Local Government Magazine
Legal

15 things you need to know about the Resource Legislation Amendment Act & iwi participation

15 Things you need to know - LG Local Government June 2017

The Mana Whakahono a Rohe (MWR) provisions are among the controversial law changes that delayed the Resource Legislation Amendment Bill. They give iwi rights to demand more say in planning, monitoring and possibly consenting under the Resource Management Act 1991. The MWR provisions are now in force. Franks Ogilvie’s Stephen Franks and Pam McMillan give a practical outline of what they could mean.

 What is a Mana Whakahono a Rohe?

MWRs are agreements made between a local authority, and iwi or hapū in an area (called “participating authorities”) on how iwi or hapū will participate in resource management and decision-making under the RMA. A MWR can be between multiple local authorities and multiple iwi / hapū or there could be multiple MWRs within one local authority area.
An iwi authority can initiate a MWR with a local authority. A local authority can initiate a MWR with an iwi authority or with hapū. Once initiated eventual “agreement” is compulsory (asking how that works is a fair question). Though MWRs with hapū could multiply the number of MWRs, confining the initiation of hapū agreements to a local authority mitigates this risk.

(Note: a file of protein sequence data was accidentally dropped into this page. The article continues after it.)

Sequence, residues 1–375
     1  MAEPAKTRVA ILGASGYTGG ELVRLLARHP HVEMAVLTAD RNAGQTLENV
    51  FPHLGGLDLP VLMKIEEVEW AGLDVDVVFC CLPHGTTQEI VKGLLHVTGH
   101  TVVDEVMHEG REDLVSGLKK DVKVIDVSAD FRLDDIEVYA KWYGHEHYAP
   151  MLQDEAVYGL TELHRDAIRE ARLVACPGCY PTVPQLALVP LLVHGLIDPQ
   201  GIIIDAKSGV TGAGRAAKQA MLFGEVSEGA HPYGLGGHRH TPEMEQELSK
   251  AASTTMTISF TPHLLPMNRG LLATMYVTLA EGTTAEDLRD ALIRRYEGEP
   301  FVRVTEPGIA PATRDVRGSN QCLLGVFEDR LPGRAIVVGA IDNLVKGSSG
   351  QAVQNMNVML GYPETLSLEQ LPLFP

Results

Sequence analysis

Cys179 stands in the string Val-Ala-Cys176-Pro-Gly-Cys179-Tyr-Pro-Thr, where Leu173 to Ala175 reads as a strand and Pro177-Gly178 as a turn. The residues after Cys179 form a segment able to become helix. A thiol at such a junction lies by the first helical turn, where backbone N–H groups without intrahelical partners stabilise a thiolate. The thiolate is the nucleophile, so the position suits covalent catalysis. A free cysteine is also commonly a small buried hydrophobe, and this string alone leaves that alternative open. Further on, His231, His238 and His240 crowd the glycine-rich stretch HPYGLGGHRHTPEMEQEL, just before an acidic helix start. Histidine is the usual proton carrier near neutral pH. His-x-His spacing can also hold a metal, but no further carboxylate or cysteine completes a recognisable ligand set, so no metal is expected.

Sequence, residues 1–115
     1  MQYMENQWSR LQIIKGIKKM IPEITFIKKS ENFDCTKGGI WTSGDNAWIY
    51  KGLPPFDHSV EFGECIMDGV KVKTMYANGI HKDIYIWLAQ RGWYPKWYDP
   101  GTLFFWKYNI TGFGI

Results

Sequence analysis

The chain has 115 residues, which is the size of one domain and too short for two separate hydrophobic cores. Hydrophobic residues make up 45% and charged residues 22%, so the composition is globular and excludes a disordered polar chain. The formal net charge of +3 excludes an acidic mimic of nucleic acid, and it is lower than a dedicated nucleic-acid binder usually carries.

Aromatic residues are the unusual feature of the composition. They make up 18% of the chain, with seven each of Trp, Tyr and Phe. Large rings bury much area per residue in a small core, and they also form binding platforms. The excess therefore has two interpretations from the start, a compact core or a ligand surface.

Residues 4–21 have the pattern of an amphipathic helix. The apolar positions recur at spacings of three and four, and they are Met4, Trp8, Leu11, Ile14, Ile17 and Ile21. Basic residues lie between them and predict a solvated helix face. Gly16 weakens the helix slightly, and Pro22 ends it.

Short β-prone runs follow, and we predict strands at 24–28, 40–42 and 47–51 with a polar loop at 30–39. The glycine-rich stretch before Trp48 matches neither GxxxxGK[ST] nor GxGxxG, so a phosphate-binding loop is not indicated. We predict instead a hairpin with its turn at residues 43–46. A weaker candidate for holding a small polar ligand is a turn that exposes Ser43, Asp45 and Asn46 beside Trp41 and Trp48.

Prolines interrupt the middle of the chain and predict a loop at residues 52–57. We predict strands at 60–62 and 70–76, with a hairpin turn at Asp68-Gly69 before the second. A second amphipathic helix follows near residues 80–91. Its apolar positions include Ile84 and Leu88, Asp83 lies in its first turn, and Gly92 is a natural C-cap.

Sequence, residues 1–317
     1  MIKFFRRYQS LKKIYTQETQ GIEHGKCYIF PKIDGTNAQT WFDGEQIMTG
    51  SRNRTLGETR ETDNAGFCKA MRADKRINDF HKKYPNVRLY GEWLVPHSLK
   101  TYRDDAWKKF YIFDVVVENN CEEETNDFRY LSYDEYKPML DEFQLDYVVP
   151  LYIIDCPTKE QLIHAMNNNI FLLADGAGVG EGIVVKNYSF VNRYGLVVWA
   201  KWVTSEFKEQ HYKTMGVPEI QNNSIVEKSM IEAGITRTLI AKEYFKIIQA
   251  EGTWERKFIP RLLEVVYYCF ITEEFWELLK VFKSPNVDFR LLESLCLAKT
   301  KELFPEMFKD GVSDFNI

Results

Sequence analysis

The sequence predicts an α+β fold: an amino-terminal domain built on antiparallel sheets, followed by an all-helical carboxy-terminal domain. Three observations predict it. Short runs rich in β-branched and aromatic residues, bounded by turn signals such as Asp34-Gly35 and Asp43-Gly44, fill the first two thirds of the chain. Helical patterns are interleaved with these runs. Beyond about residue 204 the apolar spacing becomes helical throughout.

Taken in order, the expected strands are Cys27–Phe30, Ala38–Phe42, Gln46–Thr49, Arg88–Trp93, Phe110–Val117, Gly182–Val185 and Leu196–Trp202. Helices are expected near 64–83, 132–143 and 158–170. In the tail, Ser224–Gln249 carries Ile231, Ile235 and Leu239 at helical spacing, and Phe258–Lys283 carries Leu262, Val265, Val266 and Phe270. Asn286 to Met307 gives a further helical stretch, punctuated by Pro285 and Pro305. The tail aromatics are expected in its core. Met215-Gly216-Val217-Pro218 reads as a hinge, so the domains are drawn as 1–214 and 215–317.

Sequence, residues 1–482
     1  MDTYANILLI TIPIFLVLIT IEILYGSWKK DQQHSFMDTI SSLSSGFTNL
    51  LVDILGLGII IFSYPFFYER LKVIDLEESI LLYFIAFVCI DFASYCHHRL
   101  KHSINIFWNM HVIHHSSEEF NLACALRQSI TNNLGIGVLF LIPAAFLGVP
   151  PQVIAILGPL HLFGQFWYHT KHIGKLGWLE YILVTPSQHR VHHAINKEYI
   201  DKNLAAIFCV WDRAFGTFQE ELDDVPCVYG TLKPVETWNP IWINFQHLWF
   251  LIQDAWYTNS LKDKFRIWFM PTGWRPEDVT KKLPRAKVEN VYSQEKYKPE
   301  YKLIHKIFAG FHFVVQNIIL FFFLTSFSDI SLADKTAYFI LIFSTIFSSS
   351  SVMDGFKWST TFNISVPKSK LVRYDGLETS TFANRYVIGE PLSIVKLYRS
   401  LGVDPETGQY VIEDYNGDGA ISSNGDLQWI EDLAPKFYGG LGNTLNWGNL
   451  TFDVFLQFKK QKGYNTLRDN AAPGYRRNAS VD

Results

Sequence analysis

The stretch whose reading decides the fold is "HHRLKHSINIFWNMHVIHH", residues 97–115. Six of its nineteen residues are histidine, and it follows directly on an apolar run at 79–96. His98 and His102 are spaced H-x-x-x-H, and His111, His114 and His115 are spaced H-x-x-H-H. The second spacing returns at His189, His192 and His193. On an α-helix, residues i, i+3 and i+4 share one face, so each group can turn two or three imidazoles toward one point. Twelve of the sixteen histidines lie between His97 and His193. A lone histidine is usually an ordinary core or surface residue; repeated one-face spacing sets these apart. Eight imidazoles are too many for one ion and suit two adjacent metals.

Are they new?

The statutory obligation to have MWR type arrangements is new and so are the stipulations for what they must contain. Some local authorities have existing similar arrangements. If iwi agree, a local authority may treat them as MWRs. The law doesn’t say whether an existing arrangement must be amended to add the new mandatory requirements.
Existing arrangements under other statutes are preserved and not limited.

 How far can MWRs go to authorising partnership governance of RMA matters? Could a MWR provide for iwi reps to sit with councillors?

The MWR provisions go further than the Iwi Participation proposal in the Bill as introduced and what was proposed in the Next Steps for Freshwater reform. The Select Committee report explained that MWRs have a “broader scope that includes consenting and monitoring”. The drafting is permissive. Some scope issues may be resolved only with lawyer time (and litigation).